Light Screens: Architectural Record

Regular or Unleaded?

By Rita F. Catinella

When glass conservator and scholar Julie Sloan came across her first Frank Lloyd Wright "light screen" in person, it sparked an almost 20 year endeavor to document these fragile pieces of American history. When she tried to learn more about the subject, Sloan was puzzled to discover that there wasn't more information available on Wright's beautifully designed, decorative, and functional "light screen" glass windows. In her new book on the subject, Light Screens: The Complete Leaded Glass Windows of Frank Lloyd Wright, Sloan mentions that Record was one of the only venues Wright used to discuss the subject in any detail. "The March 1908 and July 1928 installments of "In the Cause of Architecture"—Wright's serialized explication of his theories, published between 1908 and 1952 in Architectural Record—contain most of his comments on decorative glass; in no other article or book did he expand on the subject."

The result of Sloan's passionate quest to learn all she could about Wright's knack for glass window design are two books: a lighter, 160 page version titled Light Screens: The Leaded Glass of Frank Lloyd Wright and its more comprehensive version, Light Screens: The Complete Leaded Glass Windows of Frank Lloyd Wright. The second version, which is heavy enough to put a dent in most coffee tables, is a complete appraisal of more than 500 light screen windows, and the first book that completely studies this aspect of Lloyd's work.

A brief look through Sloan's book will clear up any argument about where to go for information on the subject of Wright's windows from now on. Light Screens does a beautiful job documenting the hard-to-photograph pieces of glass, and will serve as a resource for years to come. Wright's window terms, influences, materials, and techniques, as well as his theory of ornamentation, are each covered in detailed chapters in the book.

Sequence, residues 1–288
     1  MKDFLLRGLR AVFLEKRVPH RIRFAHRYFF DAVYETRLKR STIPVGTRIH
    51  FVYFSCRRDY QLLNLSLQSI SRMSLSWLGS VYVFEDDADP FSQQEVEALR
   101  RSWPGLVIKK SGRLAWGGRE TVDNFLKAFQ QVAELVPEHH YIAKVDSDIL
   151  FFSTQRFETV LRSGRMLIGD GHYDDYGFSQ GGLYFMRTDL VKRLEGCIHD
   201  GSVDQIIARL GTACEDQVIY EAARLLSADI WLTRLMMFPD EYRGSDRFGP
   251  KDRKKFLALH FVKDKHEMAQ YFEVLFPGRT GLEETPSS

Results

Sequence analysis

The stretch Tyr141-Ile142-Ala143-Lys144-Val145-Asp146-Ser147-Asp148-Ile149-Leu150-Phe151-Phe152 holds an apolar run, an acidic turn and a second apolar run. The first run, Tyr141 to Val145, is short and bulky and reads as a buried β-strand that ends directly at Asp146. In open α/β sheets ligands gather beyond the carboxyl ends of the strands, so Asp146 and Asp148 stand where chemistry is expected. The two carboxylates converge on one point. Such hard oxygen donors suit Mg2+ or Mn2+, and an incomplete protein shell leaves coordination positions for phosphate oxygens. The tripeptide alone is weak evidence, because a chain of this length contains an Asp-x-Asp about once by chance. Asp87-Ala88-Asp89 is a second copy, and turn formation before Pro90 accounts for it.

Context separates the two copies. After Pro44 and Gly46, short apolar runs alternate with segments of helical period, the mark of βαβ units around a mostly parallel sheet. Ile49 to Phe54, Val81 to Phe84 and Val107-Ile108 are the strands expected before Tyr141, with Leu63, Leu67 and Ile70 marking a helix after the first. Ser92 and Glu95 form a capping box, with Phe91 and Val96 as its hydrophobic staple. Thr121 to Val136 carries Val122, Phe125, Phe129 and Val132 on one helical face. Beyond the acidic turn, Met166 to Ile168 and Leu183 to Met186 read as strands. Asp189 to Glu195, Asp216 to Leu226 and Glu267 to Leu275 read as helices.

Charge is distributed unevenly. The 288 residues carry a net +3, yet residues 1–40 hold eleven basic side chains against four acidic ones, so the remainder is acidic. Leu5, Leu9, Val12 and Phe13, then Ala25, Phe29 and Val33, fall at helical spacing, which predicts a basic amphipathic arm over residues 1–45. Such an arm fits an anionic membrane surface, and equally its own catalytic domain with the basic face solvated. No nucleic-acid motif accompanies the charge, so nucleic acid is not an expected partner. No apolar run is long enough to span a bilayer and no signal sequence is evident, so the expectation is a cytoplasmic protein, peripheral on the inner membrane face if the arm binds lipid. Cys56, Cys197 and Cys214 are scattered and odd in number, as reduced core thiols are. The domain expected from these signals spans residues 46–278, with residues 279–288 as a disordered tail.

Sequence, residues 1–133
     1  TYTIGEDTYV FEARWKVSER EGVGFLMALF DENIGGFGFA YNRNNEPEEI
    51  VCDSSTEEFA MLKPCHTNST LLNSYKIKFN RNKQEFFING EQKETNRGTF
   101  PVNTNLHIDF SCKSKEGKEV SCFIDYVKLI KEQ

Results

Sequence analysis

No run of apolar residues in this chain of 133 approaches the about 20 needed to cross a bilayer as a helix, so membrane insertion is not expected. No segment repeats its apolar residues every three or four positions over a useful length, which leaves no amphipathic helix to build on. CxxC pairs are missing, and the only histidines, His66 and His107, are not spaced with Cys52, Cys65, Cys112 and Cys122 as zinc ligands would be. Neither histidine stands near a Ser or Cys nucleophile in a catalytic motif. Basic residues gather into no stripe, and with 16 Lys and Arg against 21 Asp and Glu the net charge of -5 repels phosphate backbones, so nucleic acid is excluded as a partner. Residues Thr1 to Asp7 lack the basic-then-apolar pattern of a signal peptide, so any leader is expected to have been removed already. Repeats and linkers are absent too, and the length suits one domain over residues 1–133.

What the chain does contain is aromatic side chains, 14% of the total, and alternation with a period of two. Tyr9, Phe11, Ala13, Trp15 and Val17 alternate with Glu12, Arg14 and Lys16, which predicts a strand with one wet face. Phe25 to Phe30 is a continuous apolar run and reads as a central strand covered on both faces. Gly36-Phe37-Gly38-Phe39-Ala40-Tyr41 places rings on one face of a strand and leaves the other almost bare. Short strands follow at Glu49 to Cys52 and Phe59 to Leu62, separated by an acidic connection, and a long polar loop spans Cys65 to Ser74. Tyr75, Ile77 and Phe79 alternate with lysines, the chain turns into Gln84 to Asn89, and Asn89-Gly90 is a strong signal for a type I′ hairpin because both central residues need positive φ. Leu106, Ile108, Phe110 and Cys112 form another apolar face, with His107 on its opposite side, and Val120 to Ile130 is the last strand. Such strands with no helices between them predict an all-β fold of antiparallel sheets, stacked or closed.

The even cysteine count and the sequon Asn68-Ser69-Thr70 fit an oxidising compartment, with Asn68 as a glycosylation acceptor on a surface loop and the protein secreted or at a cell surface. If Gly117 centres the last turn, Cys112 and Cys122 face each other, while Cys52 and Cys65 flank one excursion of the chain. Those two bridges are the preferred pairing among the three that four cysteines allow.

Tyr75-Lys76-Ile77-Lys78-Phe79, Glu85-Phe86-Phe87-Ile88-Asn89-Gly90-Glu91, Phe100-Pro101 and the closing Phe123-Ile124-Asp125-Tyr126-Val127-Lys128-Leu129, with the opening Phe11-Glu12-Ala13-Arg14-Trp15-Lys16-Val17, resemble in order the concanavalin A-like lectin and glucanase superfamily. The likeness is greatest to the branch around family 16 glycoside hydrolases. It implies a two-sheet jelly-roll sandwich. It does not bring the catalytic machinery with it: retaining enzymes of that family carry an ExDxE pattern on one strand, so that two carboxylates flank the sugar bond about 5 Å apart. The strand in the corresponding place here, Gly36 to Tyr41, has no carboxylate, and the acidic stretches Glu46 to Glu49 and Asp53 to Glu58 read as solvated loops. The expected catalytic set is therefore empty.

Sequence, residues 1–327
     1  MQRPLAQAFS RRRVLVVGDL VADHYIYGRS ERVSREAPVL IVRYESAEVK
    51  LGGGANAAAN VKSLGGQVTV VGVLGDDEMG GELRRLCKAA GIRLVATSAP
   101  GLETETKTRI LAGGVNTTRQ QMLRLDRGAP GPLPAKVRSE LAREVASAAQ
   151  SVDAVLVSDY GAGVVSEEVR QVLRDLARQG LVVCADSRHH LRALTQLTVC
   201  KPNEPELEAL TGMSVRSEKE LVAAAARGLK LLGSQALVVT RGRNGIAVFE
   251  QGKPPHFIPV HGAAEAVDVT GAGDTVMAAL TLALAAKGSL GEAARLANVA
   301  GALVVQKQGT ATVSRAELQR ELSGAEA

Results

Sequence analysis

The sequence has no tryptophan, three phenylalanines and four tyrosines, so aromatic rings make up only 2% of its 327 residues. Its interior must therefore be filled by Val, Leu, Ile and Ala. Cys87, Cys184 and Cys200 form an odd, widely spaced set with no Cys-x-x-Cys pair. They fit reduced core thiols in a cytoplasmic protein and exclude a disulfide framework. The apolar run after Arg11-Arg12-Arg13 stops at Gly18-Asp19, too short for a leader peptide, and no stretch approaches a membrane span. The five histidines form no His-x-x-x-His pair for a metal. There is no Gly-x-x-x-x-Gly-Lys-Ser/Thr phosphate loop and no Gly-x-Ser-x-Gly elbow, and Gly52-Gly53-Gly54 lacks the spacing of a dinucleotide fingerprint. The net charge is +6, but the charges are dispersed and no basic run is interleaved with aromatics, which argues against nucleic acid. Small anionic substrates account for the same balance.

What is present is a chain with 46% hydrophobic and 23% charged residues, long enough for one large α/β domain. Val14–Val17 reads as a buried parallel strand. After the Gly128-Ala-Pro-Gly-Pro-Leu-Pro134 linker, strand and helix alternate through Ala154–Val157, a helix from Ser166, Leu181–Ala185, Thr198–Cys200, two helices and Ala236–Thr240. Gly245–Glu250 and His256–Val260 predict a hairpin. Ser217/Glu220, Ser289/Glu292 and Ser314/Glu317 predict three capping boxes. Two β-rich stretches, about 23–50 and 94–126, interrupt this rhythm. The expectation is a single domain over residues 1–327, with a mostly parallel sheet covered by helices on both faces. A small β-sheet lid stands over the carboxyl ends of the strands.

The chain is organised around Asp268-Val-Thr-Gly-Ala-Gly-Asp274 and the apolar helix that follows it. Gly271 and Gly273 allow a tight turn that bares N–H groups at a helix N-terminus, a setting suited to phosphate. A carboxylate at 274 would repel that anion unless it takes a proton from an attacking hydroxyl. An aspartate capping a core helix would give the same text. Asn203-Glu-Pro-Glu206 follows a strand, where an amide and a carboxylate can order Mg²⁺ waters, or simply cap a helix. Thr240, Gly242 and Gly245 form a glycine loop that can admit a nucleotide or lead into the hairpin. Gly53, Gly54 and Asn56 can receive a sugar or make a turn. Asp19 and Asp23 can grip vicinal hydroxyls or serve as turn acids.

Sloan's book accompanies a touring exhibition (Lightscreens Facts) currently at the American Craft Museum in New York and sponsored by Steelcase, Inc. The fifty windows featured in the exhibit are worth a visit for Wright fans, particularly if you are already in the neighborhood, perhaps visiting the Museum of Modern Art, which is across the street. Many of the windows are being shown for the first time in public, and nearly half are drawn from private collections throughout North America, so they may never be on display again.

After its run at the American Craft Museum from May 10-September 2, the traveling exhibit will make stops at Grand Rapids Art Museum, Michigan, Allentown Art Museum, Pennsylvania, High Museum of Art, Georgia, Orange County Art Museum, Newport Beach, Calif., and the Renwick Gallery at Washington, D.C.'s Smithsonian Institution.

The American Craft Museum is located at 40 West 53rd Street (between Fifth and Sixth Avenues) in New York City. Hours are Tuesday-Sunday 10 a.m. to 6 p.m.; Thursday, 10 a.m. to 8 p.m. Closed Monday. Admission is $5.00 adults; $2.50, students and seniors; children under 12 years free. Pay as you wish, Thursday 6-8 p.m.

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